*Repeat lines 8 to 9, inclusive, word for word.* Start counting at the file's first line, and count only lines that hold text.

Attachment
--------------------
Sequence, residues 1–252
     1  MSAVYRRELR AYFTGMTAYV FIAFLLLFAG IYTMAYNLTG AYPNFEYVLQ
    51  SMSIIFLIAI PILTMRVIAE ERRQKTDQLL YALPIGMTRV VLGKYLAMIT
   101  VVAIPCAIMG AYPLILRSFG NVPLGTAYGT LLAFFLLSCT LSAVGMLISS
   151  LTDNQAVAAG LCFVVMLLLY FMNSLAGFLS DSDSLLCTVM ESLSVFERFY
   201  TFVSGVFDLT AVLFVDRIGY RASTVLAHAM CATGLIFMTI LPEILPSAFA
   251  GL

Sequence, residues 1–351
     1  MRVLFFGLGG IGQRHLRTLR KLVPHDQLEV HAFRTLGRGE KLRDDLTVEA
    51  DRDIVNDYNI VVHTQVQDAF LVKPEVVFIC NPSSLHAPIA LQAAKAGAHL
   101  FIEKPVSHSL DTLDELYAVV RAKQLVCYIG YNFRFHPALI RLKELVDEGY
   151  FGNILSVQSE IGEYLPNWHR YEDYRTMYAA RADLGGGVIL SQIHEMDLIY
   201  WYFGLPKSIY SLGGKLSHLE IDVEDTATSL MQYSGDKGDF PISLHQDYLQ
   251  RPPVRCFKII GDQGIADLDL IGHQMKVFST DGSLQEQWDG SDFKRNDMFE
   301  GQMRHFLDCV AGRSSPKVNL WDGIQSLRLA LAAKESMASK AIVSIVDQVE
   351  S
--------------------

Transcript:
Sequence, residues 1–351
     1  MRVLFFGLGG IGQRHLRTLR KLVPHDQLEV HAFRTLGRGE KLRDDLTVEA